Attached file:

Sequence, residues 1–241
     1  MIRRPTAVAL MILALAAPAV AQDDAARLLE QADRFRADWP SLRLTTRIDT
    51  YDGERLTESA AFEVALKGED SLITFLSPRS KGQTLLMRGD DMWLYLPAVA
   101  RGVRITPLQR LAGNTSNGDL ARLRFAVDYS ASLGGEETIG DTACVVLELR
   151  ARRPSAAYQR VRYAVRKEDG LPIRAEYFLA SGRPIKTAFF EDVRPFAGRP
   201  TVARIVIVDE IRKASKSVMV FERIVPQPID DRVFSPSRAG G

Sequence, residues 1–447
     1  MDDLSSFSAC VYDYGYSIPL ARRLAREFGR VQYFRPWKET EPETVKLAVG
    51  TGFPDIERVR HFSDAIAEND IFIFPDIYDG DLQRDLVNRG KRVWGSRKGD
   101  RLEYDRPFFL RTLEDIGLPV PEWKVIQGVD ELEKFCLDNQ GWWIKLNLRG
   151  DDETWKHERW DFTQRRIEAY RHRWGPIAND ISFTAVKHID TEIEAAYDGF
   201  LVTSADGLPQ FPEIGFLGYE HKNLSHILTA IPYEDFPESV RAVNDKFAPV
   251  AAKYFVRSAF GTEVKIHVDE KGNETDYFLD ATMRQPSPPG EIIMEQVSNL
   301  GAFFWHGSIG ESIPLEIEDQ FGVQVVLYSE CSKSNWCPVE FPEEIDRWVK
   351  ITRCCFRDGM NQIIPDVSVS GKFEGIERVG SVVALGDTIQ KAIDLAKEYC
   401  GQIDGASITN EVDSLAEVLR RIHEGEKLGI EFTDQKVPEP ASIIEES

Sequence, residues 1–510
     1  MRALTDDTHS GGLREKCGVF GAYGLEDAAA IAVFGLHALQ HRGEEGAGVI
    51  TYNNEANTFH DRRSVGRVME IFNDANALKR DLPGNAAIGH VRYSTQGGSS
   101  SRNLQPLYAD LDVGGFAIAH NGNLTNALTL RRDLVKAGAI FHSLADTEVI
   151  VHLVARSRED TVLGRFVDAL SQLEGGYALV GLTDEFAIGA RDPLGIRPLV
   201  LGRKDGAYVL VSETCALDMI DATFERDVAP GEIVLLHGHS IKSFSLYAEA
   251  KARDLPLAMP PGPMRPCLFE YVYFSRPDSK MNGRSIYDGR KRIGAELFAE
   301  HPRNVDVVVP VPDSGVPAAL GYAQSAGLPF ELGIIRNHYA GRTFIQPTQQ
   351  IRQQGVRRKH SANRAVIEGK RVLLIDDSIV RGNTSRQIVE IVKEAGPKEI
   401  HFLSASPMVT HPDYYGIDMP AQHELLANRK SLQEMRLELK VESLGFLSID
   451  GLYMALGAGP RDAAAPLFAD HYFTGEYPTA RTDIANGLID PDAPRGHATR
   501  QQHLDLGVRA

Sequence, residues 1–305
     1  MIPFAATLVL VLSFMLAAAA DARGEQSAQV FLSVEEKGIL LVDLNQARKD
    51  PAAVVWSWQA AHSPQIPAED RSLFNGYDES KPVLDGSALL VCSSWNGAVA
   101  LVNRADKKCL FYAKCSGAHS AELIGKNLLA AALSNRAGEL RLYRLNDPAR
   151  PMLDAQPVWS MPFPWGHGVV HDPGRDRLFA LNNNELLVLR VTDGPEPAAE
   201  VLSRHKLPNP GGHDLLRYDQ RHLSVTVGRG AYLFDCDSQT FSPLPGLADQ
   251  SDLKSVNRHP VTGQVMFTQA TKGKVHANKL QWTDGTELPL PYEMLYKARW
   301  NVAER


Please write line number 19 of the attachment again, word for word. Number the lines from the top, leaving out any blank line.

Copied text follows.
    51  TYNNEANTFH DRRSVGRVME IFNDANALKR DLPGNAAIGH VRYSTQGGSS